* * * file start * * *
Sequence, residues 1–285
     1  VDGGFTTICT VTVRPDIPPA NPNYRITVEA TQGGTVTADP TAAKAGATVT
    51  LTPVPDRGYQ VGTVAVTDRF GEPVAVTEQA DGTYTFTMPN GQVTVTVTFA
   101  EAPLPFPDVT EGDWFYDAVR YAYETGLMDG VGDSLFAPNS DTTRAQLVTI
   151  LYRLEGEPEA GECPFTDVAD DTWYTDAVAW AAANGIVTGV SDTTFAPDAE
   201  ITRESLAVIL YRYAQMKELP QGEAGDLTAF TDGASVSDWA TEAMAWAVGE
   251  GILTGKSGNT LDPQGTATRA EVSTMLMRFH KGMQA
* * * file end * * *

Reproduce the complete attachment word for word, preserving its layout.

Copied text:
Sequence, residues 1–285
     1  VDGGFTTICT VTVRPDIPPA NPNYRITVEA TQGGTVTADP TAAKAGATVT
    51  LTPVPDRGYQ VGTVAVTDRF GEPVAVTEQA DGTYTFTMPN GQVTVTVTFA
   101  EAPLPFPDVT EGDWFYDAVR YAYETGLMDG VGDSLFAPNS DTTRAQLVTI
   151  LYRLEGEPEA GECPFTDVAD DTWYTDAVAW AAANGIVTGV SDTTFAPDAE
   201  ITRESLAVIL YRYAQMKELP QGEAGDLTAF TDGASVSDWA TEAMAWAVGE
   251  GILTGKSGNT LDPQGTATRA EVSTMLMRFH KGMQA